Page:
A notable trend in menswear today is the move towards a more casual approach to tailored pieces. ‘Soft tailoring’ is on the up and up, boosted by the buzz around Neapolitan tailoring. If mainstream men’s fashion magazines and blogs are any indication, then apparently, the classic dark worsted suit is now viewed by many as too formal, and men aspire to more color and patterns in garments that can be used in a business setting and away from the office. (That is, if you believe what you read…)
Perhaps this purported move is a consequence of the business casual trend. I won’t speculate. The fact remains that more and more brands are pushing tailored casual pieces, including the oft-hyped new category of suits called the ‘casual suit’. (Cf. The Casual Suit by David Isle).
Examples of casual ensembles include tweed suits, Donnegal suits, colorful suits, checked suits, brown suits, etc.
These are all referred to as ‘casual’ because traditionally, in Britain, these types of fabrics were associated with country and sporting life, as opposed to dark worsted suits—the mainstay of city business life.
We strongly believe it should be recognized that the term casual suit is an oxymoron, or misnomer at the very least. In our current era, where the tie itself seems headed towards the dustbin of history, anyone still wearing a suit is at risk of appearing over-dressed in many settings.
Are these famed casual suits mentioned above the answer to our sartorial prayers? Will these free-for-all combinations allow us to continue to enjoy suit wearing, while still appearing casual?
Indeed, whether we like it or not, the subtext of casual dress is anonymity. Casual dress is not meant to draw attention.
However, any outfit that draws attention is somehow considered dressier by today’s standards—not by virtue of the underlying formality of its constituent pieces, but simply by virtue of its overall ‘loudness factor’. Therefore, by some ironic twist of sartorial fate, the so-called casual suit (which was historically intended for casual country wear) is today at risk of appearing dressier than a classic plain dark worsted suit.
Today, the dark suit is perceived as being so unremarkable and so anonymous that it has reached some newfound and paradoxical form of casualness — just think of a lineup of men in dark suits after 6 PM at a downtown bar, ties dropped and waiting to be served their next round of beer. Is any one of these guys noticeable by his outfit? Each plain dark suit seems to blend in against the backdrop of what everyone else is wearing in such a context. Yet, this is precisely why people buy dark suits: to be unremarkable.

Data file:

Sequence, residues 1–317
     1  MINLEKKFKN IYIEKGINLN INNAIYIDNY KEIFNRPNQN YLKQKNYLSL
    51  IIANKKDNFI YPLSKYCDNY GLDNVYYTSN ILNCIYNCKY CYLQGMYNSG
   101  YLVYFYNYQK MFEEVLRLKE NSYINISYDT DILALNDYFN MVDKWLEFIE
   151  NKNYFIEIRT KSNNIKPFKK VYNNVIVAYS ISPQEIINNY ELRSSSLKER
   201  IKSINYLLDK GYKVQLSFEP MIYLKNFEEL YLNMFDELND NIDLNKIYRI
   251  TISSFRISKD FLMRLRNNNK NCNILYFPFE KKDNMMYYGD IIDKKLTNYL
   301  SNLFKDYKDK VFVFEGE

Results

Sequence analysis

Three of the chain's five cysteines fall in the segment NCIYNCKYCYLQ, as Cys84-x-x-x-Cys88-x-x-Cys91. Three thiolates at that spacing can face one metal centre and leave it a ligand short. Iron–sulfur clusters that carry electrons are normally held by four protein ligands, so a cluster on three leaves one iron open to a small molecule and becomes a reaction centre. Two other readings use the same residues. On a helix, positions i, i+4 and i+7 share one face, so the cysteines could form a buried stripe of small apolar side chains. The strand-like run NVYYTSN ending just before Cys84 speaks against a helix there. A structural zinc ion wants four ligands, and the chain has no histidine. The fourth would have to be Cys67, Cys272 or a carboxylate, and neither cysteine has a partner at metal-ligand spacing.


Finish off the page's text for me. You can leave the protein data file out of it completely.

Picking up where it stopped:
Turning now to what happens when you wear a ‘casual suit’—the checked fabric, or slightly unusual tweed, or the less common shade of brown, immediately draws everybody’s eyes to the suit. These are the times when people stop and say ‘Hey, nice suit!’
If the ‘casual suit’ were actually as casual as the name implies, people wouldn’t notice it nor feel compelled to make comments. It’s precisely because the casual suit is perceived as dressier by today standards that we need to find a new term to designate this style.
No unwitting customer should fall prey to a sales rep saying, “Here’s a great multipurpose casual suit which you can get more mileage out of because you’ll be able to wear the suit both at the office or on the weekend.” Chances are you’ll be a afraid of wearing such a suit in either context, for concern of appearing too dressy. (If you’re lucky, perhaps you’ll end up wearing the jacket and the trouser as separates…)
Therefore, when all is said and done, in the opening photo, does Mr. Barbera really think he looks ‘casual’ walking his dog in a park in a double breasted Solaro suit simply because Solaro fabric is historically considered ‘casual’?
The end of a myth.
Photo by Lyle Roblin